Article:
> be here, and to keep the moaners happy, maybe they should start an
    > advocacy or similar group in this hierarchy, then this group could be
    > used for its main reason - cycling discussion and thoughts.
    > This thread is one.Are we going to have a post on here every time
    > someone is killed on a road?
    > Thats how it seems it is going here.
    > Alan.


    Considering there are an average of nine deaths per day on UK roads, no it
    is nothing like a post everytime as you describe. If you don't like such
    posts or any other topic being discussed can I respectfully suggest that you
    1. ignore them or 2. kill-file the posters or 3. delete the threads you
    don't like.

    Cheers, helen s
     
  17. A.Lee

    A.Lee Guest

    archierob <[email protected]> wrote:

    > There is a post further down indicating that we are discussing
    > something that has very little to do with cycling and are becoming
    > emotive and perhaps losing our way. Not so, we are all citizens, we
    > all have the vote, we all sit on juries in judgement of our peers.


    Then take it to a more appropriate group.This case had nothing
    whatsoever to do with cycling, hence there was no need for it to be
    here.
    If the argument was that everyone uses the roads, so it is on-topic,
    then the same could be said for it to be posted in any other group - the
    vast majority of people who use usenet also use the roads/pavement, so
    it would be relevant to them.
    It was posted here as there seems to be a growing trend toward
    condemning anything that is to do with driving a vehicle.
    If people want to moan about driver behaviour, perhaps there should be
    another group for it - uk.transport is a candidate, though better would
    be a new group for such posts.
    Alan.

    --
    To reply by e-mail, change the ' + ' to 'plus'.
     
  18. On Sat, 17 Dec 2005 17:06:50 +0000, [email protected]+.com (A.Lee) said
    in <1h7q4jm.12u7evtguu1xcN%[email protected]+.com>:

    >Then take it to a more appropriate group.This case had nothing
    >whatsoever to do with cycling, hence there was no need for it to be
    >here.


    I beg to differ. The death was caused when a driver lost control of a
    car and mounted the pavement. It is one more datum in the statistics
    which show that, despite the fact no driver *ever* sets out to
    complete all or any significant part of a journey on the footway,
    while many cyclists do just that, you are at massively more risk on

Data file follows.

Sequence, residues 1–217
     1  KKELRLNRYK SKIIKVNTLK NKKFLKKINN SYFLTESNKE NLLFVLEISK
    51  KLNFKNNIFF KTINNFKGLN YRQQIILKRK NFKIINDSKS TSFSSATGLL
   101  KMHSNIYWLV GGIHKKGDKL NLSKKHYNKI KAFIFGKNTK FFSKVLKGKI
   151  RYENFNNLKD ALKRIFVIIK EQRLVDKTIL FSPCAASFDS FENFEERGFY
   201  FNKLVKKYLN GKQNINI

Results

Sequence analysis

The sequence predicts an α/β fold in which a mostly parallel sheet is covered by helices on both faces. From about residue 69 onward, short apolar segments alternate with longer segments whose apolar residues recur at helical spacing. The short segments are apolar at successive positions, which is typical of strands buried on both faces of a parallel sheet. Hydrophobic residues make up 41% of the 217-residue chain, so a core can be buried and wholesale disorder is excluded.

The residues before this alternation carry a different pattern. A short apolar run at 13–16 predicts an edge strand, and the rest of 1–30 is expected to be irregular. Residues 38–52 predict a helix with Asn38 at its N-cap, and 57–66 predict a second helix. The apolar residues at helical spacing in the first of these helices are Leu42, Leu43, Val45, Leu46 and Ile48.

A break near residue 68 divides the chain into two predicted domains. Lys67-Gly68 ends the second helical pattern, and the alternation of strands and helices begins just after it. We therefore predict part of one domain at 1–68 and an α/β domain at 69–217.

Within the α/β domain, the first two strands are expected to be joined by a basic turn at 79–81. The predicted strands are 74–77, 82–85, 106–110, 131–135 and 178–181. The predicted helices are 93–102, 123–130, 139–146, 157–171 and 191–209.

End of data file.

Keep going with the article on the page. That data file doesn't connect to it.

the footway form cars than from cyclists.

    It's not /very/ relevant, but it is relevant.

    Guy
    --
    http://www.chapmancentral.co.uk

    "To every complex problem there is a solution which is
    simple, neat and wrong" - HL Mencken
     
  19. Jim Ley

    Jim Ley Guest

    On Sat, 17 Dec 2005 17:17:07 +0000, "Just zis Guy, you know?"
    <[email protected]> wrote:

    >On Sat, 17 Dec 2005 17:06:50 +0000, [email protected]+.com (A.Lee) said
    >in <1h7q4jm.12u7evtguu1xcN%[email protected]+.com>:
    >>Then take it to a more appropriate group.This case had nothing
    >>whatsoever to do with cycling, hence there was no need for it to be
    >>here.

    >
    >I beg to differ. The death was caused when a driver lost control of a
    >car and mounted the pavement.


    So no cyclst involved, how is it relevant to cycling?

    > It is one more datum in the statistics
    >which show that, despite the fact no driver *ever* sets out to
    >complete all or any significant part of a journey on the footway,
    >while many cyclists do just that, you are at massively more risk on
    >the footway form cars than from cyclists.


    When has that ever been a topic of debate? It's certainly not
    relevant, however much more at risk you are from cars, it doesn't make
    the lower risk of cycling okay, just like it's not okay to carry a 6
    inch knife simply because you're more at risk from a sword.

    It was a completely off-topic post that had nothing to do with
    cycling, I can't understand how your justification makes any sense at
    all, the risks to a pedestrian from a car or bike are not related,
    they're completely independant.

    Jim.
     
  20. On Sat, 17 Dec 2005 17:26:21 GMT, [email protected] (Jim Ley) said in
    <[email protected]>:

    >>I beg to differ. The death was caused when a driver lost control of a
    >>car and mounted the pavement.

    >So no cyclst involved, how is it relevant to cycling?


    A question neatly answered elsewhere in the paragraph you bisected:

    >> It is one more datum in the statistics
    >>which show that, despite the fact no driver *ever* sets out to
    >>complete all or any significant part of a journey on the footway,
    >>while many cyclists do just that, you are at massively more risk on
    >>the footway form cars than from cyclists.


    Like I said, it's not /very/ relevant, but it's relevant.

    Nobody is forcing you to follow this thread.

    Guy
    --
    http://www.chapmancentral.co.uk

    "To every complex problem there is a solution which is
    simple, neat and wrong" - HL Mencken